1 Section for Crop Sciences, Department of Plant and Environmental Sciences, Faculty of Science, Københavns Universitet2 Section for Plant and Soil Sciences, Department of Plant and Environmental Sciences, Faculty of Science, Københavns Universitet3 Landcare Research, Private Bag4 Gefion5 Section for Plant and Soil Sciences, Department of Plant and Environmental Sciences, Faculty of Science, Københavns Universitet6 Section for Crop Sciences, Department of Plant and Environmental Sciences, Faculty of Science, Københavns Universitet
An apple disease, known as “Topaz spot” in northern Europe (Trapman and Jansonius, 2008) has since year 2000 become widespread in Danish organic apple orchards (Malus domestica). Characteristic symptoms are small spots (black on fruits, brown on leaves) having a silvery-grey cen- tre. The associated pathogen has not previously been identi- fied, but symptoms are identical to those described for el- sinoe leaf and fruit spot (ELFS) caused by the ascomycete, Elsinoe pyri (Scheper et al., 2013). In 2012, DNA from fruit skin of apples was purified from two cultivars, Pigeon fra Juellinge and Rifbjerg Skarlagen Pearmain growing near Copenhagen that showed severe symptoms of Topaz spot. Fungal DNA was analyzed by pyrosequencing using PCR primers targeting the ITS2 region of ascomycetes (Louarn et al., 2012). Several fungal species were identified, but only a single DNA sequence of 182 bp was found to show con- sistent and specific accumulation in all symptomatic skin samples (n=6). A BLAST search revealed 100% identity only to sequences of E. pyri (isolates from New Zealand, GenBank accession Nos. KC626006, KC626007). Two inde- pendent fungal isolates with morphology identical to E. pyri (Scheper et al., 2013) were recovered by inoculating Topaz- spot infected fruit skin onto potato dextrose agar. Sequenc- ing of the ITS1-5.8S-ITS2 region revealed two identical 628 bp sequences (GenBank KC928079, KC928080) with 99% sequence identity to the previously published sequences of E. pyri. Our findings suggest that Topaz spot is identical to ELFS and show that the pathogen, E. pyri, is hereby re- ported in Denmark and in Scandinavia for the first time.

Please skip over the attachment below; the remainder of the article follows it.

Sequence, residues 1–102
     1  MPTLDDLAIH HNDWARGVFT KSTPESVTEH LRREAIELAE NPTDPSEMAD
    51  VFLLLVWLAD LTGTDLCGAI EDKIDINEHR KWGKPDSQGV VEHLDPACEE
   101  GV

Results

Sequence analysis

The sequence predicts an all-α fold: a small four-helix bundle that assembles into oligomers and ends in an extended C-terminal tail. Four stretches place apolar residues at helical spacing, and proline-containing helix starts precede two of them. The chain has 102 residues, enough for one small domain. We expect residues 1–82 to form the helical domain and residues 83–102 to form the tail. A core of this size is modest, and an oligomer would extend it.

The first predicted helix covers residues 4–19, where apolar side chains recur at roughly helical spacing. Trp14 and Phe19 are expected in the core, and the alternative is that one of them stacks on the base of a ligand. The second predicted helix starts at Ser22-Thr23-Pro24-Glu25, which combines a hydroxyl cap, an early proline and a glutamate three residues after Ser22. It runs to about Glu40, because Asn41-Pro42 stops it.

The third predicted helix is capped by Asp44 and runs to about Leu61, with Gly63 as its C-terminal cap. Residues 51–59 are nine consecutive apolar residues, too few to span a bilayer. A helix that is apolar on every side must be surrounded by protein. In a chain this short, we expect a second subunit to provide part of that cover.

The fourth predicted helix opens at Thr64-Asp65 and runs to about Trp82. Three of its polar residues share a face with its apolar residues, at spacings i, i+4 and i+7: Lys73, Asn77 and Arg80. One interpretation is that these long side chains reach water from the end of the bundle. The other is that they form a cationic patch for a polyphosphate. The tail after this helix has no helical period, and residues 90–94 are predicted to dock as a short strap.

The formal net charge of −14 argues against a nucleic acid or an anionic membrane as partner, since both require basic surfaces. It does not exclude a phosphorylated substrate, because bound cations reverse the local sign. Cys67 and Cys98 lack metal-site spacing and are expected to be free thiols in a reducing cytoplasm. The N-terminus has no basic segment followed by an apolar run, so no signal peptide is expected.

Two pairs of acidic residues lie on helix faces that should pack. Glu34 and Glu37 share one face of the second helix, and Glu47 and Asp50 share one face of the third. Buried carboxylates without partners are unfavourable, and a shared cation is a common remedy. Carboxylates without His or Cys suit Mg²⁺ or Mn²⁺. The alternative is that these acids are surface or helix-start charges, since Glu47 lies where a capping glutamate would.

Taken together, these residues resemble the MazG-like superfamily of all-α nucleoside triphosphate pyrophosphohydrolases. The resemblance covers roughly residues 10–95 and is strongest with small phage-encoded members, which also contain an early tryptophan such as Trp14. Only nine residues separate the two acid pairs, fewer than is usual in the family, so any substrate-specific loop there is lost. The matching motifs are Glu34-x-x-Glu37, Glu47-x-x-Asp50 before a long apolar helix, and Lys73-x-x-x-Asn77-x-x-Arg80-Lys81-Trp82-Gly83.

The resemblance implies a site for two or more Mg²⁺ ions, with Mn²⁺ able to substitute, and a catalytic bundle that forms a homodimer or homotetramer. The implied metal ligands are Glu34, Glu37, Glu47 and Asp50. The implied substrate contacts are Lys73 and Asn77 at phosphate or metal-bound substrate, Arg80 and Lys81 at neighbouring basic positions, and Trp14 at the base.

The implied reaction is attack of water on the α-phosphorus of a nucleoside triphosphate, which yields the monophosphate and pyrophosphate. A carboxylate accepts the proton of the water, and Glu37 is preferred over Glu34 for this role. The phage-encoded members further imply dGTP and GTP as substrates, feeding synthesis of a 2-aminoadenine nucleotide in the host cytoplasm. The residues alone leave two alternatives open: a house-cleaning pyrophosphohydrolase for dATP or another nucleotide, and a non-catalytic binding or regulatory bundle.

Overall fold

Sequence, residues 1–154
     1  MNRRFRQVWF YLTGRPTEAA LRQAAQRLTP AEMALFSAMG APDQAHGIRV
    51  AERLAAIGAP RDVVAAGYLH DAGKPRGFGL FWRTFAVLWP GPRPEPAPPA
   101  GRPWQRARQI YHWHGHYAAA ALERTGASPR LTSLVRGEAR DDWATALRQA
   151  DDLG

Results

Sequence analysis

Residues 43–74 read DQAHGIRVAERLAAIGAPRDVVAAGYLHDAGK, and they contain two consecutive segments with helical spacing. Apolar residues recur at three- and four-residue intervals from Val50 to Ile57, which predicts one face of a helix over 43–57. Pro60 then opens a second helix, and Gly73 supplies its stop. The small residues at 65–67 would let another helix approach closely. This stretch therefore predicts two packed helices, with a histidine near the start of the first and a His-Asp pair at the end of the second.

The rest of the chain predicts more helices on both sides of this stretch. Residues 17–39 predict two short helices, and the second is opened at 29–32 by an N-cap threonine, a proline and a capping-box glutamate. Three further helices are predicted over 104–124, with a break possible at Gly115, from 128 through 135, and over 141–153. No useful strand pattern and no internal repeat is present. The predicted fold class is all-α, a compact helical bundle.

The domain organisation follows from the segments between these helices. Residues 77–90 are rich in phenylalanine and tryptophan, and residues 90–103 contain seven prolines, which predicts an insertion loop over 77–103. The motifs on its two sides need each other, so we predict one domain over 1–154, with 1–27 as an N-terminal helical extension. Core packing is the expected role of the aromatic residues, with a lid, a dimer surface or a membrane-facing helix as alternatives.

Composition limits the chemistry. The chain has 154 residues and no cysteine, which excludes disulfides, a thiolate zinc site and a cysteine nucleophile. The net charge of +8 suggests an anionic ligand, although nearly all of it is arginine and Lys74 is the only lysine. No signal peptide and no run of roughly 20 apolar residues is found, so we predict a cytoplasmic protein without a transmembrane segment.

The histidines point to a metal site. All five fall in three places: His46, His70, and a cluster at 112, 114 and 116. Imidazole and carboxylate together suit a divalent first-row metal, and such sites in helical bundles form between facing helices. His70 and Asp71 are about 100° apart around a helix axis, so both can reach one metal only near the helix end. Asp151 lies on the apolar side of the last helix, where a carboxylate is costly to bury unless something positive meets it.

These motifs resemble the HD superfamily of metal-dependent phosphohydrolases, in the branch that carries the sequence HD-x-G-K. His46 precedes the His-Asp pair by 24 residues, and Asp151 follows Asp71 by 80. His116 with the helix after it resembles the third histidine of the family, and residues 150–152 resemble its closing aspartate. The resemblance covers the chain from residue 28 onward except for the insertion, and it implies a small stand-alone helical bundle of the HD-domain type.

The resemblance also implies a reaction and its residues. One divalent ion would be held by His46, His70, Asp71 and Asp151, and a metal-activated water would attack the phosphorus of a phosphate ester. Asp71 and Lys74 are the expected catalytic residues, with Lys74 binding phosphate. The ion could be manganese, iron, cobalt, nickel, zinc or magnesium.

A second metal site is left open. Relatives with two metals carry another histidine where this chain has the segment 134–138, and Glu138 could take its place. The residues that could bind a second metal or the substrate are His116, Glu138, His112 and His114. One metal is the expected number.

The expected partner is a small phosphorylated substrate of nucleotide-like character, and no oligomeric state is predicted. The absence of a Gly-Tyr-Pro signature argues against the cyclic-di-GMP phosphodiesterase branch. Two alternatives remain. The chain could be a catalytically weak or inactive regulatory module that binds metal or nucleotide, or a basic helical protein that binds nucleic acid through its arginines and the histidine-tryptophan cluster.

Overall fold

Journal of Plant Pathology, 2013, Vol 95, Issue 4, Suppl.